In its latest quarterly report, IMS Research has found that average gross profits for crystalline silicon photovoltaic module manufacturers dropped to US$0.09/W in the first quarter (Q1) of 2012, down from $0.39 in 2011. By the end of the year, it predicts that they will fall to $0.07/W.
In Q2, gross margins are expected to stabilize at nine percent, as "significant" improvements in non-silicon processing costs and blended silicon purchase prices, forecast to hit $25/kg in Q3, are made.
Overall, it says that Q1 2012 gross profits dropped 75 percent year on year, to below $500 million, thus representing the lowest level since 2008. The cause, says IMS Research, is costs not falling in line with prices. In a statement released, it comments, "Whilst average crystalline PV module prices fell by 67 cents per watt in 2011, average costs per watt reduced by just 42 cents." It adds that average polysilicon prices have not declined as quickly as module prices.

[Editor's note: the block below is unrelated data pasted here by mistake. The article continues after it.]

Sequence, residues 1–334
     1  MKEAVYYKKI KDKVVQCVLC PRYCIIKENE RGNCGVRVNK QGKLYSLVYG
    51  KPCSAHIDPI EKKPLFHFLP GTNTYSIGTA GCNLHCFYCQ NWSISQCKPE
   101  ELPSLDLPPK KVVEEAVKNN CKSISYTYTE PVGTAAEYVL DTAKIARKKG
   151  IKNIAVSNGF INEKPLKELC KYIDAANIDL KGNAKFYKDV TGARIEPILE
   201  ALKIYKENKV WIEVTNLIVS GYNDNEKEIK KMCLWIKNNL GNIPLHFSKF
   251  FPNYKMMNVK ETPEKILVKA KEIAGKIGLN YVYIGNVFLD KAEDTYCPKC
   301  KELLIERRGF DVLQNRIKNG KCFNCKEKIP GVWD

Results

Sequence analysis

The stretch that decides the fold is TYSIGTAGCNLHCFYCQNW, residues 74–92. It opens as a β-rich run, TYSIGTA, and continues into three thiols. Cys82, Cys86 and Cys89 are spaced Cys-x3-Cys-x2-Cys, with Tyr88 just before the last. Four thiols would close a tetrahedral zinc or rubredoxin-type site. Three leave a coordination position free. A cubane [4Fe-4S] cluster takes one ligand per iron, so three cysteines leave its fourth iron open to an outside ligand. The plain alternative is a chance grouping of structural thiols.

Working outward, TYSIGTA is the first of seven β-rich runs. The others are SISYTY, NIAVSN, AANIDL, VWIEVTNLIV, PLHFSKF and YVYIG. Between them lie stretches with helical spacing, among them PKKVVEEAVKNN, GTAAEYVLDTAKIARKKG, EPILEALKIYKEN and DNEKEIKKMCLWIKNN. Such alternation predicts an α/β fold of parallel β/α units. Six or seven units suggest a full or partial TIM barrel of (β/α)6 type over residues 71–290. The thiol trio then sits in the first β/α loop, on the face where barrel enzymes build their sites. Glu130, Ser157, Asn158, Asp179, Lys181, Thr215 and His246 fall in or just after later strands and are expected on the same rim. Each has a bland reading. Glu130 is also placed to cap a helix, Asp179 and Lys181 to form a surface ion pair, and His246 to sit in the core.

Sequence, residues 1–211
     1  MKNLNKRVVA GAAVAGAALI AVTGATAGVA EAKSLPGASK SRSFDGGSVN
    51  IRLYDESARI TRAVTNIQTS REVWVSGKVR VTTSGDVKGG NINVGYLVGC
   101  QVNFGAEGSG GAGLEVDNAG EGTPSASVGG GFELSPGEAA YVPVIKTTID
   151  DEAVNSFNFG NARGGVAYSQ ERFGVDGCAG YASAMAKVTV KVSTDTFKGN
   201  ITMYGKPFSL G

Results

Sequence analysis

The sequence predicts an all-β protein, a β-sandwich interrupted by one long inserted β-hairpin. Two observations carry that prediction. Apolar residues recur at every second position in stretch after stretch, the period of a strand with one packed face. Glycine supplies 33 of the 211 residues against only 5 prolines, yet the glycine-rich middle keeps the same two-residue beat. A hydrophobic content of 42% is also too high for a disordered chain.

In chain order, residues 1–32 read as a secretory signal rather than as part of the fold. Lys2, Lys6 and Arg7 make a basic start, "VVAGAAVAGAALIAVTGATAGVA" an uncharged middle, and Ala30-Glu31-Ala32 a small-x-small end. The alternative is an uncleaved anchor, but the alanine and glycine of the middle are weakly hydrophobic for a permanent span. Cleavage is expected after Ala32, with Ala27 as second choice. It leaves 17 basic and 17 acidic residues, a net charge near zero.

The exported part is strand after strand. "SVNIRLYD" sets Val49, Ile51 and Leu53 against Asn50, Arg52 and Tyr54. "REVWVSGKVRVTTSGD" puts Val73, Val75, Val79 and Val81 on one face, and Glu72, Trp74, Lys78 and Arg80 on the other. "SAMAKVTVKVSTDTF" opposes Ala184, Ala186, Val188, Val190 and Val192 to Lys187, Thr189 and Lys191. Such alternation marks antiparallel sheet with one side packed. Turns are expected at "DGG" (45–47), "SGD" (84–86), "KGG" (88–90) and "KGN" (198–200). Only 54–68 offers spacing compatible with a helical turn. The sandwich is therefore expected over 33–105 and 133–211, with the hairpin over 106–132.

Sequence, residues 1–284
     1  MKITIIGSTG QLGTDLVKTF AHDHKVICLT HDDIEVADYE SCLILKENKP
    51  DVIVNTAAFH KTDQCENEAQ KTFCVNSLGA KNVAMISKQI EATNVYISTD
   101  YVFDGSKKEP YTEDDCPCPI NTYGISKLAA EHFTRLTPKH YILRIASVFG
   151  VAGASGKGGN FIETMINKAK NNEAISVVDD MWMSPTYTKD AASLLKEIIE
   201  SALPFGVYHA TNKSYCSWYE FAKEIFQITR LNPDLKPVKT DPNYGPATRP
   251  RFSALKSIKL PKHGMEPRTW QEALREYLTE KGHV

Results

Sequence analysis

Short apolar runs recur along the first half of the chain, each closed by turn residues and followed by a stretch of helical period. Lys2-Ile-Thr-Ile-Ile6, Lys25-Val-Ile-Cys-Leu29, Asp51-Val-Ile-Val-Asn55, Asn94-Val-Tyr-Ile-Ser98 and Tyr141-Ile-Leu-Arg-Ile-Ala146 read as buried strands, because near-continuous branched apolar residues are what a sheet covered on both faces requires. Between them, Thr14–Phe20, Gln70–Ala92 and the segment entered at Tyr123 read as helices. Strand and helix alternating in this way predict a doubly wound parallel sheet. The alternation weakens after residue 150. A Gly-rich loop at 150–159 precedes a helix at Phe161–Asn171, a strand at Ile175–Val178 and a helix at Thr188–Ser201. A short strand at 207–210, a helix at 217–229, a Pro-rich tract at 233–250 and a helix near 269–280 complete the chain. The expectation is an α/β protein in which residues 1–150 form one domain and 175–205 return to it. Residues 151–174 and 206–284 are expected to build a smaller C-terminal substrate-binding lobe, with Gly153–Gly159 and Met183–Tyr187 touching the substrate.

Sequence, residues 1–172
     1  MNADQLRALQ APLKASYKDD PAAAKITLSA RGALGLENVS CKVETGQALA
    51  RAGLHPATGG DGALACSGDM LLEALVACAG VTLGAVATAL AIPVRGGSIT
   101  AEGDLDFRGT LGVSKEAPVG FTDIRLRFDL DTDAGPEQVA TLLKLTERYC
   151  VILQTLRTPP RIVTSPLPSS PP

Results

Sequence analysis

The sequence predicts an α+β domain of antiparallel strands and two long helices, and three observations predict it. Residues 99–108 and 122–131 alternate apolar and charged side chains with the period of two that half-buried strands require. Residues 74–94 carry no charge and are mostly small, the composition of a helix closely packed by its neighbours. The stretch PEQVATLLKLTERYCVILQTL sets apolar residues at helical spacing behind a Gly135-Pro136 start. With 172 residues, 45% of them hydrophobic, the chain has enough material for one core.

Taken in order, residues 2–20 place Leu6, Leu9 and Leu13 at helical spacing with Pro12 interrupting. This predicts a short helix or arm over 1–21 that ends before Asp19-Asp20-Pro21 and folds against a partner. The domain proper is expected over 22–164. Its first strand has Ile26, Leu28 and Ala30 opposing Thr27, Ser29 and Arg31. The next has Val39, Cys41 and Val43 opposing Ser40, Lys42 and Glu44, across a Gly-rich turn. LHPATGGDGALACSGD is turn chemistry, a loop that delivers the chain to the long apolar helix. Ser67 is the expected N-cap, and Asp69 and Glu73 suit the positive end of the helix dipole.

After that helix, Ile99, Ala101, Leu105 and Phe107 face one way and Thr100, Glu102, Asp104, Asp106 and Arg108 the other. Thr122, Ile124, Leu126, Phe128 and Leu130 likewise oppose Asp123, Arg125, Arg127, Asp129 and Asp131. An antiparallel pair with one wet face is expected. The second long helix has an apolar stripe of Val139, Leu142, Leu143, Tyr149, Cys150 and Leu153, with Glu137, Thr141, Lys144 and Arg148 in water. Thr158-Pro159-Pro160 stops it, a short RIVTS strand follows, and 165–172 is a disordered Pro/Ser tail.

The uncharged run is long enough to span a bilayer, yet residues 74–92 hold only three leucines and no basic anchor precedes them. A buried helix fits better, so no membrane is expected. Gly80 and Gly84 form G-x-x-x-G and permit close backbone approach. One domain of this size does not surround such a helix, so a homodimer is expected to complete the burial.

"Although spot prices for polysilicon have quickly fallen over the last year, a large proportion of polysilicon is purchased under long-term agreements, and it has taken some time for suppliers to cancel or renegotiate supply contracts in order to reflect these reductions in spot prices. If we consider this mix of spot and contract prices, on average polysilicon prices fell far less than modules in 2011," continues Sam Wilkinson, senior market analyst.